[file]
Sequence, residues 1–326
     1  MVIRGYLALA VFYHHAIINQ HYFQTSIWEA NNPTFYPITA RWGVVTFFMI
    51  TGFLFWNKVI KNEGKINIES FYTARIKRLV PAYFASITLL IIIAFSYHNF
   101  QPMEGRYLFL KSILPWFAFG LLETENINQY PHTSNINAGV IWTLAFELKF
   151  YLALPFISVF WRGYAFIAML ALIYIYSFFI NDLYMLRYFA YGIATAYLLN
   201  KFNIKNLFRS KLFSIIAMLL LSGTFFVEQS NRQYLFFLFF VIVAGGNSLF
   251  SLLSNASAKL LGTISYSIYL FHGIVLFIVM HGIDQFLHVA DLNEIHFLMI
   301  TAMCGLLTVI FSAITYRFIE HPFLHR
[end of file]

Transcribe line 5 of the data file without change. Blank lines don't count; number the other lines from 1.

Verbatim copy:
   151  YLALPFISVF WRGYAFIAML ALIYIYSFFI NDLYMLRYFA YGIATAYLLN